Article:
Michelle Marrillia

Michelle Marrillia has 17 years of experience as an educator and is currently an assistant principal of Fern Creek High School in Louisville, Kentucky. As an instructional coach, staff developer, and PLC coordinator at Fern Creek, Michelle helped move the school from a persistently low-achieving school in 2010 to a proficient school in 2015.

The Case for Coaches in Professional Learning Communities

I spent most of my young life in a dance studio. For sixteen years I trained to be the best dancer that I could be. I was never the most talented dancer in the room, but I had an instructor who constantly coached me to be better and pushed me to work harder. All the while, she was doing the same thing for all of the other dancers in the company. She encouraged us as we worked together to ensure flawless performances as a team, while simultaneously improving our varied individual skills. On the stage it was always about the team performance, but she also knew that we could only be as good as our weakest dancer.

As an instructional coach in a professional learning community, it is easy to relate to my dance coach. It is a balancing act of working with teams to help ensure the fidelity of the three big ideas of a PLC and also provide the time and support to individual teachers who need it. If the support for the most struggling teachers in the building is not provided, then the collaborative team structure can suffer. As a dancer, I did not have to worry about the person next to me who was struggling, because that was the job of my instructor. I was able to stay focused on my contribution to the performance.

It is the same thing in a PLC. If members of a collaborative team become worried about individual teacher performance, then they can get derailed from focusing on the four critical questions that should be guiding their work. The work of the coach keeps the focus on the performance of the team.

What Does Coaching Look Like in a PLC?

1. Training Team Leaders

When working with schools, I am often asked how I manage to facilitate all of the collaborative team meetings and still do anything else. My answer is simple. I don’t. As coaches, we should embrace the idea that we are there to support the work of our colleagues and empower them to lead.

The first step in doing this is to train collaborative team leaders. Working with each team leader to establish goals focused on the “right work” is essential to the PLC process (DuFour et al., 2016). The leaders need to be equipped to be those effective initiators of change within the school and their team. Coaches can help to clearly articulate the why, what and how questions of the PLC and ensure that all team leaders are prepared to lead the work.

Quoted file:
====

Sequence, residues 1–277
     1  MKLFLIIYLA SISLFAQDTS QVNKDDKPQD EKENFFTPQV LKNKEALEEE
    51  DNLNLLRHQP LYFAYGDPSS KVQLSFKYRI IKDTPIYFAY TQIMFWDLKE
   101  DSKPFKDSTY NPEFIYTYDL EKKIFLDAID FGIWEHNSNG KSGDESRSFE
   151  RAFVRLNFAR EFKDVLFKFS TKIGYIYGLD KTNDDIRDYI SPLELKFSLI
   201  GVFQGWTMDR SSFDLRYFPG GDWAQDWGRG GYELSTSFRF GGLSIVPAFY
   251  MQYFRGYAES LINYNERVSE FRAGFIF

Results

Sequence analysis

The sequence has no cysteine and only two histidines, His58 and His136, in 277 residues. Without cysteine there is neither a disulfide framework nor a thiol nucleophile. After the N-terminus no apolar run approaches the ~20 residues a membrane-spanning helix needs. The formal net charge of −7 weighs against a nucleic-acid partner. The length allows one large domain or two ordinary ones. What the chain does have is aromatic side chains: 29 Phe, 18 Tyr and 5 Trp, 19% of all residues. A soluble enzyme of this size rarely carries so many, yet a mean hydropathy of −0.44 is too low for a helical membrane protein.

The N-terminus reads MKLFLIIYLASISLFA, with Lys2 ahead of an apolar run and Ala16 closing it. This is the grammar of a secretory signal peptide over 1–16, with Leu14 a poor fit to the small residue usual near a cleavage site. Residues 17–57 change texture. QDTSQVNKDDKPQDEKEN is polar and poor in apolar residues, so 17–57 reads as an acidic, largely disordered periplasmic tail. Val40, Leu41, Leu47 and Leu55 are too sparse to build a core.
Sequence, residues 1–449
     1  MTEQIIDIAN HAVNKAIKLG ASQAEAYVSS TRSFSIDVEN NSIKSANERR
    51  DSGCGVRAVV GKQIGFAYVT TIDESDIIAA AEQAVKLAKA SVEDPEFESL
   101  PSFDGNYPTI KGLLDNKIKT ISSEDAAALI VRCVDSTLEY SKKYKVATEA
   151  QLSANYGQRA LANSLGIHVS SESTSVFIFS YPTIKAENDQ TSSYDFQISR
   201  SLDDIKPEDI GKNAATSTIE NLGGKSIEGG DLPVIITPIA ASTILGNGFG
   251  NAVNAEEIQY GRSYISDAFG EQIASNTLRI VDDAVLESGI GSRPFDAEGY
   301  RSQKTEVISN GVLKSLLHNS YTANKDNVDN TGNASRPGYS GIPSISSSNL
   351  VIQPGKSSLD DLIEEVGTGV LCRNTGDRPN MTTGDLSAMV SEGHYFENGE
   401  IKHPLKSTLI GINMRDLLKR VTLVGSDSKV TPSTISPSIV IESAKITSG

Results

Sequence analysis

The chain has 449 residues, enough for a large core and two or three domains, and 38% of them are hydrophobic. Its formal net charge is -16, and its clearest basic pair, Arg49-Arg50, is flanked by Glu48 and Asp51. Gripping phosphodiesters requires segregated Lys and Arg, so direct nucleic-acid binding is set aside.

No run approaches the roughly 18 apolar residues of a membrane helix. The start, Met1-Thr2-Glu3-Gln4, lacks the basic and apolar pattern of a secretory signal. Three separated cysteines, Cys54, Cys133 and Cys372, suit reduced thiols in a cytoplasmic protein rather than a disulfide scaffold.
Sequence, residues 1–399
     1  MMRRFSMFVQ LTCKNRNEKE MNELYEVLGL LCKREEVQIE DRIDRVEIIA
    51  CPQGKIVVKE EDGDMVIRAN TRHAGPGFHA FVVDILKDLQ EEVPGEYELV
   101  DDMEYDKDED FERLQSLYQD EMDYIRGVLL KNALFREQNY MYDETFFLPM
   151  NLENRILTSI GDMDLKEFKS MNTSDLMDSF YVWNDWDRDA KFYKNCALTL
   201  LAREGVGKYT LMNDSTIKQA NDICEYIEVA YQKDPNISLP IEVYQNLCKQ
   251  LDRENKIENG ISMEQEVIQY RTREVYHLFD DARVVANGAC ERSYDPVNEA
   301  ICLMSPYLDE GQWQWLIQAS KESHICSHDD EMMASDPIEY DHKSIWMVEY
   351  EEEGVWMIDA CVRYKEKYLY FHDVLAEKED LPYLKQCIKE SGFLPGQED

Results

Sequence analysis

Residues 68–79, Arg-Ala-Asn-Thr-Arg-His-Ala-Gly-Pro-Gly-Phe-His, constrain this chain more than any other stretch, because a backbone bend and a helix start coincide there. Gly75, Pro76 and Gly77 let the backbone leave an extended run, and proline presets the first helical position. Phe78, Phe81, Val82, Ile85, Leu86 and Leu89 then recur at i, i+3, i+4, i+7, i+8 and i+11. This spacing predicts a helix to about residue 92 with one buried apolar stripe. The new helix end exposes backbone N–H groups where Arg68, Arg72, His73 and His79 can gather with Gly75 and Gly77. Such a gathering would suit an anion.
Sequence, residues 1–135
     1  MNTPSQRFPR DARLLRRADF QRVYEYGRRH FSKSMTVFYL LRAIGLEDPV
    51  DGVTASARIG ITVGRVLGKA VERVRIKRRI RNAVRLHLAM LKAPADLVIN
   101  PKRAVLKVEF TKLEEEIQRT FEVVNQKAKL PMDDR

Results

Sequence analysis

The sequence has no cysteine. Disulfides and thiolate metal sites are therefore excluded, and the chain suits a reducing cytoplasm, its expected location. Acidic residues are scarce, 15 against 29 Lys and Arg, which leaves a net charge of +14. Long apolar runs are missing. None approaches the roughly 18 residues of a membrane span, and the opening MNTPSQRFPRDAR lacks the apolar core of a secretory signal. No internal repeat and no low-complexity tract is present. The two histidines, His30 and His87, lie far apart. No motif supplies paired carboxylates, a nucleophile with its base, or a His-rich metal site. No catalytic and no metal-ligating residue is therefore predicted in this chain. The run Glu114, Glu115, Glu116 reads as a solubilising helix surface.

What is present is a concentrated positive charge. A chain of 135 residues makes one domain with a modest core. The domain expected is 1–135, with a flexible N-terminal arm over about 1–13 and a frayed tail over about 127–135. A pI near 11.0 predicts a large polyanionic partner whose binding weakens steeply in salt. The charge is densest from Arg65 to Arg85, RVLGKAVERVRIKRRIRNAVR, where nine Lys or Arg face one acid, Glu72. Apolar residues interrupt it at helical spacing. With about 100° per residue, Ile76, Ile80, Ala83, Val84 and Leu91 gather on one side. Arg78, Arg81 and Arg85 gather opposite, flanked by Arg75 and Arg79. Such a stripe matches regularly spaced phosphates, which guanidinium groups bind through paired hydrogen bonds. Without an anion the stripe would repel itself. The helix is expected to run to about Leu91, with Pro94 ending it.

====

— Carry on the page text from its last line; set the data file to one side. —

Team leader coaching is part of the comprehensive professional learning plan at our school. Team leaders meet as a group five to six times each school year for training, Q and A, and reflection. As the coach, I also schedule one-on-one “check-in” meetings to address any specific concerns for their team. My role is to help make their job easier, troubleshoot when necessary, and encourage them along the way.

2. Supporting the Team

During the early days of our PLC work, I thought my job was to diagnose the team “problem” and tell them how to “fix” it. It took a while, but I realized that it was my role to help the team reflect and think about their process. One of the most effective ways to support the collaborative teams in your PLC is through the use of an instructional leadership team. At Fern Creek High School, all of the principals are highly involved in the collaborative team process. Weekly, the principals and I sit down to collaborate on how to best meet the needs of a team that seems to be lacking forward momentum. We determine next steps for support, through a coaching lens, based on observations, conversations, and work products for each team.

3. Coaching Teachers within the Team

Although I did not know it at the time, my dance coach was constantly differentiating instruction. She understood my learning style and how to make me better, and also knew what strategies would completely shut me down. Her goal was to make our performance great and to make the group stronger. She watched us interact with each other and determined who the leaders were- who could motivate others to accomplish our team goals.

As instructional coaches, we need to have the same mindset. Often the needs of individual teachers will surface through the work of the collaborative team. Maybe teachers will seek help with intervention strategies after reviewing data from a common assessment. Possibly a new teacher will struggle to implement a lesson that the team taught the previous year. While an effective team will often be able to help struggling teachers, sometimes there is a need for outside support. Coaches can provide that help through one-on-one planning, co-teaching, classroom observations and feedback, reflecting conversations, and embedded professional learning.

I have also learned through the years that some teachers just need someone to listen to them as they plan and reflect. I have come to realize that the best coaching sessions are when the teams and the teachers are the ones doing the talking. This is when the coach can truly help strengthen the work of the professional learning community by determining teacher needs within the collaborative team, so that ultimately all students can learn at high levels.



DuFour, R., et al. (2016). Learning by doing: A handbook for professional learning communities at work. Bloomington, IN: Solution Tree Press.

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